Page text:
The First Minister announced on 22 August 2020 the trialling of pilot events to test the mitigation and measures being developed in this guidance, the pilot events will provide vital feedback in the development of this guidance and the consideration of further pilots.

You should also take account of the regulations and guidance in other areas of life where these affect the way that we move forward.

These include the need to:

You will need to take account of advice given to people at increased risk and extremely vulnerable members of society who have previously been advised on medical grounds to shield because of a serious underlying health issue(s).   You will need to reflect the fact that these groups are amongst those in society who need to observe particularly strict social distancing measures.

Organisations should consider a wide range of contingencies as part of your planning.  This includes trying, wherever possible, to create flexible, safe, and workable solutions that can be paused or rapidly reversed in the event of further COVID-19 outbreaks.

2.3 Getting the basics right

It is impossible to be definitive about the exact steps you will need to take before activity can be resumed.  This reinforces the importance of detailed risk assessment. There is no single answer to the relative risks involved in every type of activity and the Welsh Government cannot approve any single approach. Responsibility, ultimately, must rest with you and your organisation. You will therefore be expected to demonstrate that you have thoroughly examined the risks and taken appropriate action to mitigate those risks. 

You can find more information on general considerations by referring to previously published advice.

You will find hyperlinked information on the following topics:

2.4 Equality in the workplace and in seeking work

The suspension of live performance and public cultural activity has been one of the most comprehensive shocks to society’s sense of well‑being, as well as to the arts economy.   However, public health crises are not equal opportunities events: the poorest, most marginalised and disabled are generally the worst affected, while the wealthy, connected and healthy are usually better able to weather the storm.

As activity resumes and opportunities for work present themselves, a key point of principle is treating everyone equally, both at work and in the pursuit of work.  No community – especially Disabled/Deaf artists – should be deemed too much of a “risk” in any risk assessment process.  Such processes must factor in disability access at all levels.

In applying this guidance, employers and organisers should be mindful of the particular needs of different groups of workers or individuals.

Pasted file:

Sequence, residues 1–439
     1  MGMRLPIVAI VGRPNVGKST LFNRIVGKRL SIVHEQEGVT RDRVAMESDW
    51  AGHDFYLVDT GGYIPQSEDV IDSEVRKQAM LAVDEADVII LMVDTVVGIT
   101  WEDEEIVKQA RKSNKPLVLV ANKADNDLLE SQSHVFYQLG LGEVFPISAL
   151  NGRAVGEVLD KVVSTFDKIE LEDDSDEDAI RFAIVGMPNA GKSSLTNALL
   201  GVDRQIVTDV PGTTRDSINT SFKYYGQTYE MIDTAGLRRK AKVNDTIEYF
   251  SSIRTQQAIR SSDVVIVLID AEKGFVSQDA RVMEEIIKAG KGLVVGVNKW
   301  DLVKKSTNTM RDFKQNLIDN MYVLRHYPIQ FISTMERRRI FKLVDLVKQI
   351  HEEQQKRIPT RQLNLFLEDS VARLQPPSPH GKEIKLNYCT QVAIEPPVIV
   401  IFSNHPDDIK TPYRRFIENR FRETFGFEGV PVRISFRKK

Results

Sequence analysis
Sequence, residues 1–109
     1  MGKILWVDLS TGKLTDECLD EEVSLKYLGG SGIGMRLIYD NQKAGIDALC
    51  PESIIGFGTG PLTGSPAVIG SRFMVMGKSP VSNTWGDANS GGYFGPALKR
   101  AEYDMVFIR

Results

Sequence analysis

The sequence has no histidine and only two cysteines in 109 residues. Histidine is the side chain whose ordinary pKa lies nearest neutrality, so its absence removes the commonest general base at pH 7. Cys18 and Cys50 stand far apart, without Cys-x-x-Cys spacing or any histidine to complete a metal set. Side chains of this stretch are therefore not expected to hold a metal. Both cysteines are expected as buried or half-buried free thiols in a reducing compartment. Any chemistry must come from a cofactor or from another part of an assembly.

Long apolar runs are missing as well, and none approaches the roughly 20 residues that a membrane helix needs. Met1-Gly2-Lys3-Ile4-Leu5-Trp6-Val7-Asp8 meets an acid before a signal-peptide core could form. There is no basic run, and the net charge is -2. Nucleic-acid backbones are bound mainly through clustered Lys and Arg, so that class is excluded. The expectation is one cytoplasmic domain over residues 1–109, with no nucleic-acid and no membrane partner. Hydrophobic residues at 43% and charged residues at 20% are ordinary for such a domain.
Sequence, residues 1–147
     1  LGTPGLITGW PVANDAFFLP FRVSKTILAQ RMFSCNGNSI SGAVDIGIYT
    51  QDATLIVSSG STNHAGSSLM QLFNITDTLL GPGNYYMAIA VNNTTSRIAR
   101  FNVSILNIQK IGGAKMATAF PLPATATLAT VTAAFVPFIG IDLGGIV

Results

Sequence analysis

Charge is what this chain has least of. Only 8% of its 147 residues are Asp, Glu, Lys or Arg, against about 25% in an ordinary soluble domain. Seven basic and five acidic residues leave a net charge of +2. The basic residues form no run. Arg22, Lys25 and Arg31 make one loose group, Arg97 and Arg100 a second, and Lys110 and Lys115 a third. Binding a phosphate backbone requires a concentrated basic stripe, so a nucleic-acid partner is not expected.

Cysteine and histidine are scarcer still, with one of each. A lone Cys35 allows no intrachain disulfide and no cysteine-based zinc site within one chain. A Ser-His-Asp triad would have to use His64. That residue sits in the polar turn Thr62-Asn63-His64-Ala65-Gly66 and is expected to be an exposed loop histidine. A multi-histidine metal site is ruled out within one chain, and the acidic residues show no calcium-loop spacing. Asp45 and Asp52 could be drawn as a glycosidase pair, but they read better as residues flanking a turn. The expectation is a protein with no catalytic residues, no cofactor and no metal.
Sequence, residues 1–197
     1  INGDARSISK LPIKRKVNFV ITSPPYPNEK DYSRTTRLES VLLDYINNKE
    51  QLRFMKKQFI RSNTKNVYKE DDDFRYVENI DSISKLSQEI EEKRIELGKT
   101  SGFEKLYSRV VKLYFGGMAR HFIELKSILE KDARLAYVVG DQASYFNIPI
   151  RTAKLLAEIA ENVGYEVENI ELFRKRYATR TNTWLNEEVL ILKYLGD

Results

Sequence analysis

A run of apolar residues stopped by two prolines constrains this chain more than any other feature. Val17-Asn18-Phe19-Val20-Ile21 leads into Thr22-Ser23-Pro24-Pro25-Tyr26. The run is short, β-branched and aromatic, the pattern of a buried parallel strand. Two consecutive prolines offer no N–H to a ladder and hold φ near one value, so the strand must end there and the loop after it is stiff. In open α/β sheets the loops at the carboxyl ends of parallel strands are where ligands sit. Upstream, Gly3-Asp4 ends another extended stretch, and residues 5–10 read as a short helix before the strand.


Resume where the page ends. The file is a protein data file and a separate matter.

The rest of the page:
• It is breaking the law to discriminate, directly or indirectly, against anyone because of a protected characteristic such as age, sex or disability.
  • Employers have particular responsibilities towards disabled workers and those who are new or expectant mothers.
  • Employers and organisers should be alert to the fact that those who may be seeking work/are undergoing casting and recruitment have the same rights to protection from discrimination under statute.

You will therefore usually be expected to take the following steps:

  • Understand and consider the circumstances of those with different protected characteristics, such as those who are hearing or visually impaired.
  • Involve and communicate appropriately with workers whose protected characteristics might expose them to a different degree of risk of exposure to the virus.  Consult with them about any steps you are thinking about to check that they are neither inappropriate nor challenging for them.
  • Check whether you need to put in place any measures or adjustments to take account of your duties under the Equalities legislation.
  • Make reasonable adjustments to avoid disabled workers being put at a disadvantage.  Assess the health and safety risks for new or expectant mothers.
  • Make sure that the steps you take do not have an unjustifiable negative impact on some groups compared to others, for example those with caring responsibilities or those with religious commitments.
  • Make a positive commitment to communications that enable all people to fully engage in activities, including high visibility signage, appropriate seating allocations, access to hand washing and respiratory hygiene facilities and to safe, secure toilet facilities reserved exclusively for the use of disabled people.

2.5 Symptoms of COVID-19

If you have symptoms of COVID-19, however mild, you must self-isolate at home for at least 10 days from when your symptoms started. Do not go to a GP surgery, pharmacy or hospital. You should arrange to have a test to see if you have COVID-19.

If you are not experiencing symptoms but have tested positive for COVID-19 you also must self-isolate for at least 10 days, starting from the day the test was taken. If you develop symptoms during this isolation period, you must restart your 10-day isolation from the day you develop symptoms.

After 10 days, if you still have a temperature you must continue to self-isolate and seek medical advice. You do not need to continue to self-isolate after 10 days if you only have a cough or loss of smell or taste, as these symptoms can last for several weeks after the infection has gone.